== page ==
Friday, 20 July 2012
GRAPHIC NOVEL REVIEW: CREEPY PRESENTS RICHARD CORBEN
This review (minus illustrations) will be submitted to Amazon shortly.
As you can tell from the book's subtitle this isn't a graphic novel but a collection of short graphic stories from two 'adult' and primarily b/w horror magazines (not comics) mostly in the 70's and a big fat collection it is too.
Corben really came to fame with his adult fantasy series Neverwhere (aka Den) which started in the French magazine Metal Hurlant (later US edition, Heavy Metal). A puny human was transported into a magical world and into the body of hairless, mostly naked, (censored censored) muscleman and hero Den. Den fights lots of vile monsters, evil sorcerors, beautiful evil naked women with (censored censored) who wanted to (censored censored censored) and then kill him, rescues beautiful naked heroines with (censored censored) and has (censored censored censored) and adventures. Definitely adult fantasy.
If you're easily offended by (censored censored) don't look at the image below. The one after is more acceptable.
The short story is a form that's fallen out of favour in comics since the rise of the extended multi-issue narrative begun primarily by Stan Lee at Marvel back in the 60's. It isn't surprising as, in comics and particularly horror comics, the story is usually very simplistic and dependent on a gimmick or money shot shock end (the legendary EC is excepted from the simplistic tag but only just). It's simply very difficult indeed to create something worthwhile in standalone short form graphic narrative. The form has only begun to gain respectability due to independent creators like the Hernandez Brothers who sometimes use it for a different and more serious purpose.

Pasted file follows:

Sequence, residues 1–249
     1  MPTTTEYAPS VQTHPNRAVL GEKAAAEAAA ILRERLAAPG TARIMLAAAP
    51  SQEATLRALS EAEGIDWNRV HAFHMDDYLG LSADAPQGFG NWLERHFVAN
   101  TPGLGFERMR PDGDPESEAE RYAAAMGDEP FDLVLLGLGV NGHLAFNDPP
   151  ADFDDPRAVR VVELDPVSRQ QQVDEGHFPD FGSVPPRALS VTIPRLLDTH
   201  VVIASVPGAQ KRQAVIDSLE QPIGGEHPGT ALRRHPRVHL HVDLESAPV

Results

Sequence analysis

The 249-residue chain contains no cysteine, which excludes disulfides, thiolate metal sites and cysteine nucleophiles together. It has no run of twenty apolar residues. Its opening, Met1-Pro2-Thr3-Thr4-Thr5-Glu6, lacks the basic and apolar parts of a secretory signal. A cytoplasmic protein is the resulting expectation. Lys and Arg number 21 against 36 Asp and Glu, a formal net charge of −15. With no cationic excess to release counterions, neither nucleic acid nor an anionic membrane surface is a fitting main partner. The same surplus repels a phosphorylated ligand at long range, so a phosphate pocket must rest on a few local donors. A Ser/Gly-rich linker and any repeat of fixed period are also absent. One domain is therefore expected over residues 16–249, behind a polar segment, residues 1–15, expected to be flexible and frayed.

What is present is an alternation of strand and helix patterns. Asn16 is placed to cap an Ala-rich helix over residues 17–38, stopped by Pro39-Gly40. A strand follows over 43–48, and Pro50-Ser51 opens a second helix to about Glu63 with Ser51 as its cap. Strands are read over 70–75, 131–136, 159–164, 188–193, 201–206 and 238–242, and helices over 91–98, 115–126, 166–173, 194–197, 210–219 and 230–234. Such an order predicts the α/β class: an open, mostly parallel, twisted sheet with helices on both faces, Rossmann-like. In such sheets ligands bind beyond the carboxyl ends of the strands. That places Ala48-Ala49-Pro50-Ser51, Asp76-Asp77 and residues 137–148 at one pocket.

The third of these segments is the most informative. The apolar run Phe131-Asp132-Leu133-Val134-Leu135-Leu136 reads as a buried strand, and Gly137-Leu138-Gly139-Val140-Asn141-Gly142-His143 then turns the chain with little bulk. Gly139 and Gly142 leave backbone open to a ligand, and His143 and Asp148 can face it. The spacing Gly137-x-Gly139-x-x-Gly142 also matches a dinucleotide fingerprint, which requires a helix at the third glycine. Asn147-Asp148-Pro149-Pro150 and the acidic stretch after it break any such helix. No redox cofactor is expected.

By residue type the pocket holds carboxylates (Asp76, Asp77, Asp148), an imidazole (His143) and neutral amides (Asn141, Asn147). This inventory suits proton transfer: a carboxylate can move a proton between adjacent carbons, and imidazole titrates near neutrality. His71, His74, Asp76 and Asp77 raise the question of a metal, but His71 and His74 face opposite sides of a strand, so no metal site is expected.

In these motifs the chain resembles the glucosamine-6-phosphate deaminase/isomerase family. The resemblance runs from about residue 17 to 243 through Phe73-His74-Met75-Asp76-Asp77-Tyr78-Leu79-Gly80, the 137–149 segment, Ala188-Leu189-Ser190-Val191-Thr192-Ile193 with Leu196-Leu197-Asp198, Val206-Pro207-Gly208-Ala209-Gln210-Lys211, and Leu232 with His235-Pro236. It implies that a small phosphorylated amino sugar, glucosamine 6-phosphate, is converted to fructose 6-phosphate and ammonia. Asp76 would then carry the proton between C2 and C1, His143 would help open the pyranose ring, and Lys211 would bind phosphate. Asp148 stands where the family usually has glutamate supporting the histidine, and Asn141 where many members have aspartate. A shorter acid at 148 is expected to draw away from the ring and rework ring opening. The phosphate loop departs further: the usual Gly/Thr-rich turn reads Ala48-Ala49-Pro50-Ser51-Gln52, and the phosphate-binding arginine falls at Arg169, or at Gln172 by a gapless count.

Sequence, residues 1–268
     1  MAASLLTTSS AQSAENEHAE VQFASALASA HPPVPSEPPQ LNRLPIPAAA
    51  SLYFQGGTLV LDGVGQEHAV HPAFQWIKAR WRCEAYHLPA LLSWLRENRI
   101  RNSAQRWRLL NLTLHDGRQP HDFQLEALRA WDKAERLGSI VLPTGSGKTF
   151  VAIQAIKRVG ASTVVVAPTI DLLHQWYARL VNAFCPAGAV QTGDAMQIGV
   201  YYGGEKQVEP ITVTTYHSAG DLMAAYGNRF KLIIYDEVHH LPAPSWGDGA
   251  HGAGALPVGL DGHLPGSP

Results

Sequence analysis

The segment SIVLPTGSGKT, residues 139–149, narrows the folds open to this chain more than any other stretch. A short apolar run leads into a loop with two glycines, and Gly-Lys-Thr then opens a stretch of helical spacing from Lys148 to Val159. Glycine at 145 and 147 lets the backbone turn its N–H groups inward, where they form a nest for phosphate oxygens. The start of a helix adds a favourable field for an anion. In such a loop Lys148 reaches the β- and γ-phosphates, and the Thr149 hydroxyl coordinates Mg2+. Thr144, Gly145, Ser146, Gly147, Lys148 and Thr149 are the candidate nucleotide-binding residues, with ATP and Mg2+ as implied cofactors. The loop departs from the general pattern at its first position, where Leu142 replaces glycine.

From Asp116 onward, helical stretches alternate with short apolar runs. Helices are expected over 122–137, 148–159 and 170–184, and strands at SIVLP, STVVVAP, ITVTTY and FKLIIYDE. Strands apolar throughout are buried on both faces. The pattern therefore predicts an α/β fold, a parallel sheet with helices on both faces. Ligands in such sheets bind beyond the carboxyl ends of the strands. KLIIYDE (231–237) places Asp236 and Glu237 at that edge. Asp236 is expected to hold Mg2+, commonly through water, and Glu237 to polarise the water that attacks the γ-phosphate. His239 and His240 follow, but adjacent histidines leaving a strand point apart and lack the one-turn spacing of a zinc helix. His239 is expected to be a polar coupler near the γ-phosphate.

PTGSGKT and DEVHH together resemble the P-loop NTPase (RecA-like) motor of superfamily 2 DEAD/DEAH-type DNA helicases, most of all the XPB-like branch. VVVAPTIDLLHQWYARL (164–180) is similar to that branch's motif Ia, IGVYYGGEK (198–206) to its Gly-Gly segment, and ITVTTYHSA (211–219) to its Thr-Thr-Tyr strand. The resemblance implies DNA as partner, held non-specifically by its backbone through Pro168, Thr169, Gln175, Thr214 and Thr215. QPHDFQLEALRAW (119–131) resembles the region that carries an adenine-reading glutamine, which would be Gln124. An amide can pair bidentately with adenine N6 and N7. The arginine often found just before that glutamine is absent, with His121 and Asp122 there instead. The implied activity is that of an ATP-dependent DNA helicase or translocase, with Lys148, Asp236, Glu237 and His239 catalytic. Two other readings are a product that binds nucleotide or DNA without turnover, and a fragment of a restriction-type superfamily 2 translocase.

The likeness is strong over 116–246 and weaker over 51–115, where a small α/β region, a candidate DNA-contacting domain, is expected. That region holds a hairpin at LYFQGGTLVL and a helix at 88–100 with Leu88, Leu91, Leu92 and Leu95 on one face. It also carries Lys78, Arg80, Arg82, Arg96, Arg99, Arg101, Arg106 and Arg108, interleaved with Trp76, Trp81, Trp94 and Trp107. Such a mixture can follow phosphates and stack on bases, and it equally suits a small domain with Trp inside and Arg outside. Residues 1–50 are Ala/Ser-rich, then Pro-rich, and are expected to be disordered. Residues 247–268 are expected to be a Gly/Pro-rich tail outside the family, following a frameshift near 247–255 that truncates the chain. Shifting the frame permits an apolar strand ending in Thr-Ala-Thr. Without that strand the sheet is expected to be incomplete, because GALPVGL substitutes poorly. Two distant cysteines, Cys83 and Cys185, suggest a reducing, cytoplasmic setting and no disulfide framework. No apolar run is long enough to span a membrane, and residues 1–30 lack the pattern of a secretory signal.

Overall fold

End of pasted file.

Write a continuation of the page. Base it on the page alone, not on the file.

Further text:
To be honest, the Warren magazines weren't always notably better than their antecedents, though the art was a vast improvement (again EC mostly excepted) from the horror comics of the 50's. Now, in their heyday of the 70's, Creepy and Eerie had people like Jeff Jones, Berni Wrightson (the subject of his own Creepy collection and reviewed elsewhere), a variety of talented (but cheap) Philippino artists (Alcala, Maroto, etc), and, of course, Richard Corben who was present throughout that period. The art is usually way better and more sophisticated than the stories they illustrate though that doesn't mean the stories are lacking in interest. But basically you'd best be here for the art rather than the narrative, though there are gems like his adaptation of Poe's The Raven.
The stories are presented in chronological order of appearance (which isn't always the order in which they were drawn) so you can see the development of Corben over a decade. There's a wide range of genres and subgenres: horror, SF, crime, serial killer, ghost, fantasy, monster, humour, satire, etc and all are short enough so that you never get bored. A substantial minority are in colour and coloured by Corben himself who was an innovator in its use. At over 340 pages (including covers and sketches) it can justifiably call itself a definitive collection. Publisher Dark Horse could easily have split it into two volumes and it's to their credit that they didn't. Plus there is a very good introduction by Jose Villarrubia.
For what it is, this is a truly excellent collection and fans of the artist will be ecstatic when they see it. Now if only someone would repackage Corben's longer form stories like Den, Mutant World, Bloodstar and Arabian Nights, I'd be happy as a censored censored censored.